After two years of legal battle in the suit challenging the constitutionality of the policy of security votes deductions by the governors of the 36 states of the federation and the FCT minister was instituted by Abuja based human rights lawyer, Nkereuwen Udofia Akpan, a Federal High Court siting in Abuja yesterday adjourned till 13 February,
2013 to deliver judgment on the matter.
Akpan had dragged all the states governors before the court seeking for a declaration that the governors lack the power to deduct monies from the statutory allocation made from the Federation Account to each of the states of the federation and the FCT under the guise of security vote.
He wants the court to declare that by the provision of section 16 of the nation’s constitution and section 51 of the Fiscal Responsibility Act
2007 entitles Nigerians to know the details of these gargantuan and mind bogging deductions and expenditure tagged as “security votes” and
wantonly misappropriated and illegally deducted by these state
governors from the statutory allocations that went to each the various states of the federation and the FCT from the Federation Account since the return of democracy in May, 1999 till date.
The activist also wants the court to compel the governors to return the monies illegally deducted and misappropriated as security votes and prevent them from further making any such illegal deductions in the future under whatever guise or nomenclature they may concoct and to compel the EFCC and the ICPC to commence investigation into these illegal, fraudulent and unconstitutional deduction with a view to recovering such misappropriated monies to the Federation Account or such other accounts as the National Assembly may direct by a resolution.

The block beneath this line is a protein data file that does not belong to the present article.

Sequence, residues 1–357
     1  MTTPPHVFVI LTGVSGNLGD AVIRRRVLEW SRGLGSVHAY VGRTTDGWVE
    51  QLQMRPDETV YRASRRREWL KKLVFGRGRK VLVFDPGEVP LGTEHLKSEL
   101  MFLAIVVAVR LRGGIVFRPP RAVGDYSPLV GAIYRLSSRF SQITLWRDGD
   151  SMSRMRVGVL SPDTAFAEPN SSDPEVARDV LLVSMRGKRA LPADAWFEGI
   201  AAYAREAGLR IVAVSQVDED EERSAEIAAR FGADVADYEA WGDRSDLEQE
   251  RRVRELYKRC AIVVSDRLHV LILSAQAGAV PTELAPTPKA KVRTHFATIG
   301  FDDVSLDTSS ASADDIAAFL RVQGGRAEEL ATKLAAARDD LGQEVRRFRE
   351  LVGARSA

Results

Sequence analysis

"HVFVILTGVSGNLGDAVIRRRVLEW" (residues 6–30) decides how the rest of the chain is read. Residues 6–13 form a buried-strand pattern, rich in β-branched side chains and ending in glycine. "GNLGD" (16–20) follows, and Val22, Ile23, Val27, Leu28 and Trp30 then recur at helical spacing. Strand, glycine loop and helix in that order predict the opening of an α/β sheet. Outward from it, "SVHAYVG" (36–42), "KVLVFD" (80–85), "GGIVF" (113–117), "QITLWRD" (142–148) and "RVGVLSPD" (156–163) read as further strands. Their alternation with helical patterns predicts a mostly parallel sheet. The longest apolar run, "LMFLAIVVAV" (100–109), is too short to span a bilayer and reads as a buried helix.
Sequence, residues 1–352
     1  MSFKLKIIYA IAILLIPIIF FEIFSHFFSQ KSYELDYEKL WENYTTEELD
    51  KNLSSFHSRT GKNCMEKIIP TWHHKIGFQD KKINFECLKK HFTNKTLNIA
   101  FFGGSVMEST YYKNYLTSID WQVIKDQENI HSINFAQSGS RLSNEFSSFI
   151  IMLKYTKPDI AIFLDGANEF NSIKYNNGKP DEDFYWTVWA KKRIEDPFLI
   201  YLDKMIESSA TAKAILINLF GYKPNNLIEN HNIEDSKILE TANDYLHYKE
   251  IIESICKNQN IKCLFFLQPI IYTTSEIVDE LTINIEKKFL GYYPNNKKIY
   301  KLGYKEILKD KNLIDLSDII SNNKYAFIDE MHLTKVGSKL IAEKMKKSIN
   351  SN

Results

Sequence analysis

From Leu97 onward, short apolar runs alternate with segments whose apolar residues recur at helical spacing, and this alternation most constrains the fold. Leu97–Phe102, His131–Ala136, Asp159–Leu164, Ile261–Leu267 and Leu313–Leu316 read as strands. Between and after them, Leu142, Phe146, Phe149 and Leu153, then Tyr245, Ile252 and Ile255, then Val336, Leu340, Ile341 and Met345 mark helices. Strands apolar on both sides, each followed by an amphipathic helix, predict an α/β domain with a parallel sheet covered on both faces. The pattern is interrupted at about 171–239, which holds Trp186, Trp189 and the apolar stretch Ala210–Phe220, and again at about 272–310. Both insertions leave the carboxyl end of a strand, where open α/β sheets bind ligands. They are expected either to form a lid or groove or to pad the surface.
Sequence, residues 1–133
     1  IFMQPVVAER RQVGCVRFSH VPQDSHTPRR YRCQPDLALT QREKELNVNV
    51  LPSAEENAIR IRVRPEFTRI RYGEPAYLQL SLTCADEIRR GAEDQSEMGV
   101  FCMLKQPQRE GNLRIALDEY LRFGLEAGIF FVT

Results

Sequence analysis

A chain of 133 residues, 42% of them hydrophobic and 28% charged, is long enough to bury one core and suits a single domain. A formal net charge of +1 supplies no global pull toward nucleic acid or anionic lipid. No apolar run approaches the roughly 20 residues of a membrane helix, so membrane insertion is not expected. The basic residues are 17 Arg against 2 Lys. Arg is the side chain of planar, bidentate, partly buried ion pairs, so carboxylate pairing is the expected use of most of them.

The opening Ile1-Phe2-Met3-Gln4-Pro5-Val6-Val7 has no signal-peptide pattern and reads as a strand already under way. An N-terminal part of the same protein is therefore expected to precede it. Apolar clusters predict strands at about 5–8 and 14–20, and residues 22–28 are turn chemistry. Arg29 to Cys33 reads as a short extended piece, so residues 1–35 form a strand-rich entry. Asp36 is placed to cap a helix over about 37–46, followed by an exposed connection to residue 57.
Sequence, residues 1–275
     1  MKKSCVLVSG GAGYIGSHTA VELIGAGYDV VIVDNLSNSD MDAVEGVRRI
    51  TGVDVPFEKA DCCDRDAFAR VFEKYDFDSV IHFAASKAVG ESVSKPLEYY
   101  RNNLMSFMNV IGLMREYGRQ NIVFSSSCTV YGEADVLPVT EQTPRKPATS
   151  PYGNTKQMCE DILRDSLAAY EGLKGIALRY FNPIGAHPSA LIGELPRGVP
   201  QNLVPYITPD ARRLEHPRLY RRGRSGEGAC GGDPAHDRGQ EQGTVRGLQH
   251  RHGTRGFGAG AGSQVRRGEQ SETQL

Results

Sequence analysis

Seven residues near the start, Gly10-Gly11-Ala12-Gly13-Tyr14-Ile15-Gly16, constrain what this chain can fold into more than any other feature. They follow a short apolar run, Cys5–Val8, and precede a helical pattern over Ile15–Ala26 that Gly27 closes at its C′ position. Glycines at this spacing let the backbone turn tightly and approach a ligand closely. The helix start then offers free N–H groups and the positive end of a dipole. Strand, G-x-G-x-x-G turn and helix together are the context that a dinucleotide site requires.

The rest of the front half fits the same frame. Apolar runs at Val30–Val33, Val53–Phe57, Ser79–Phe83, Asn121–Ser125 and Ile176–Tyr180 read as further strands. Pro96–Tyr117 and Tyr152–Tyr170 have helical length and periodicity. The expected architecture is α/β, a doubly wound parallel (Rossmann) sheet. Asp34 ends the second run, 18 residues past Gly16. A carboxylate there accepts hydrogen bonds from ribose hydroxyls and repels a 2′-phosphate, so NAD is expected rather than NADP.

However, the Economic and Financial Crimes Commission, EFCC, and the Independent Corrupt Practices and other related crimes Commission, ICPC, objected to the suit and pleaded with the court to dismiss it.
In its preliminary objection to the suit, the ICPC told the court that it is not empowered to investigate siting state governors and that it can investigate the FCT minister only if a formal complaint is lodged against the minister at the ICPC.
Further more, the anti corruption agency told the court that Chief Akpan had never made any request to the agency either orally or in writing requesting it to investigate the FCT minister or the governors before instituting the legal action and urged the court to throw out the case as granting the requests of Chief Akpan would amount to the court asking the ICPC to embark on an act it has no powers to embark upon.
On its part, the EFCC in opposing the case, told the court that as an anti graft agency vested with statutory powers to investigate all financial crimes, that it has a set of procedure for ascertaining petitions which it considers worthy of investigation, using state fund, its personnel and other relevant legal resources. It noted that the procedure is used to review and eliminate petitions which are in the end classified as “frivolous, unmeritorious, worthless”
The EFCC further told the court that the suit instituted by Chief Akpan over what he described as “security votes” was read and by its Scrutinizing Legal Officer as was classed as “frivolous, unmeritorious, worthless”. It also contended that Chief Akpan lacked the requisite locus standi to institute the action and urged the court to dismiss it.